Hildrus Poindexter

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Hildrus Poindexter. Photograph by L.J. Bruce-Chwatt. Wellcome V0028003.jpg

Hildrus Augustus "Gus" Poindexter (May 10, 1901 – April 21, 1987) was a bacteriologist who studied the epidemiology of tropical diseases.

Poindexter was the son of tenant farmers in rural Tennessee. He attended Lincoln University, PA, graduating in 1924, then went on to Howard Medical School, from where he earned his M.D. in 1929. He furthered his studies at Columbia University, where he received an A.M. in microbiology in 1930, and the Ph.D. in microbiology and immunology in 1932. He received an M.P.H. in public health and tropical medicine from Harvard in 1932. Dr. Poindexter became the head of the Medical College at Howard University in 1936.[1]

He was a Prince Hall Mason[2] and member of Omega Psi Phi fraternity.[3]

He entered military service in 1943 and had a very distinguished career as an expert on Malaria and other tropical diseases. His military service included serving as a commissioned officer in the U.S. Public Health Service (U.S.P.H.S.). In 1947, Senior Surgeon Poindexter was appointed posted to the Mission to Liberia as chief of laboratory and medical research in West Africa. The goal of the misson was to help the Liberian government in sanitation planning and the control of infectious diseases. He became director in 1948. In 1953 he was transferred to Indochina and he went on to serve in various other places such as Vietnam, Surinam, Iraq, Libya, and Sierra Leone before briefly returning to the faculty of Howard University.[4] Poindexter published his autobiography, My World Of Reality, in 1973 in which he candidly discusses his various life experiences including dealings with racial prejudice.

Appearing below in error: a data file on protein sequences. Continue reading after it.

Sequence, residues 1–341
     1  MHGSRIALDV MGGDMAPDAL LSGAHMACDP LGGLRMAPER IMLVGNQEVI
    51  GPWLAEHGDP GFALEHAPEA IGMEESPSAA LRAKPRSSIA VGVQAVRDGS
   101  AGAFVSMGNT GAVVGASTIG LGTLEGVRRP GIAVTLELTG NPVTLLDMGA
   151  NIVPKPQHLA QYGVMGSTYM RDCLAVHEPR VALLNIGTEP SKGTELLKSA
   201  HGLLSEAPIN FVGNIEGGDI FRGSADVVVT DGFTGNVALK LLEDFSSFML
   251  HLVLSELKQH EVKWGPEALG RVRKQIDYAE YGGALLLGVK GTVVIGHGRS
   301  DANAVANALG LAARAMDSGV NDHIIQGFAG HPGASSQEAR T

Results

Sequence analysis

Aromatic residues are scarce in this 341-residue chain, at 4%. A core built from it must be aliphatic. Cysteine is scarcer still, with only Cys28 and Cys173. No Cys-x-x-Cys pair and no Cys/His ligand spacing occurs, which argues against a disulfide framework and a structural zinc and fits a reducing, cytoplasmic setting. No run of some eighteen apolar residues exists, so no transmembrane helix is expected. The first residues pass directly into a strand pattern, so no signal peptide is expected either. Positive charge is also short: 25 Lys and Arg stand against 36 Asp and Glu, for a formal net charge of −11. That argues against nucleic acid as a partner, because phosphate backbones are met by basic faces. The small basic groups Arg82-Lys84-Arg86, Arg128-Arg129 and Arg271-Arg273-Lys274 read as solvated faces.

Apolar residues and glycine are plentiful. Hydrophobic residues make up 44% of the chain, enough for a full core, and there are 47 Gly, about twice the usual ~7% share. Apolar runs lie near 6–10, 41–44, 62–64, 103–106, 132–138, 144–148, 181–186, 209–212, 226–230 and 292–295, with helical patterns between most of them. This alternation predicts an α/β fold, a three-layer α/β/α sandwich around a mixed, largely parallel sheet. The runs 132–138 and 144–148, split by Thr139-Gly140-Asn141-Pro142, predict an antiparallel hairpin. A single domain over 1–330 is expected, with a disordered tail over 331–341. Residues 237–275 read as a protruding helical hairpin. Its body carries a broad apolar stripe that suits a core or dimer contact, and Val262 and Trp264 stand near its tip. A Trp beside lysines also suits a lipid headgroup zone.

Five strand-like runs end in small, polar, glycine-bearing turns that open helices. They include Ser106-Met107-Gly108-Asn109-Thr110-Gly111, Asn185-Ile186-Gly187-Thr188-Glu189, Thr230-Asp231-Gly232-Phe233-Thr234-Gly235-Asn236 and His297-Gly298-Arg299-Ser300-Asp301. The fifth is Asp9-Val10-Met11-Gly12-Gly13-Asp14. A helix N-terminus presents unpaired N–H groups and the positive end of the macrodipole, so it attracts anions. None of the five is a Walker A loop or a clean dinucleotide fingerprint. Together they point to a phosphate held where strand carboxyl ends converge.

References[edit]

  1. ^ Cobb, WM (1973). "Hildrus Augustus Poindexter, M.D., M.P.H., Ph.D., D.Sc., 1901-" (PDF). J Natl Med Assoc. 65: 243–7. PMC 2609010Freely accessible. PMID 4573853. 
  2. ^ "Black Caucus of Health Workers: Awards". blackcaucus1968.blogspot.ie. Retrieved 2016-07-15. 
  3. ^ "Famous Brothers pg4 - Lambda Gamma Gamma Chapter, Omega Psi Phi Fraternity". www.ques-lgg.org. Retrieved 2016-07-15. 
  4. ^ African American Lives, edited by Henry Louis Gates, Evelyn Brooks Higginbotham. Oxford University Press, USA, 2004. ISBN 9780199882861

Further reading[edit]

  • Kessler, J., Kidd, J. Kidd R. & Morin, K. (1996). Distinguished African American Scientists of the 20th Century. Phoenix, AZ: Oryx Press. pp. 275–280.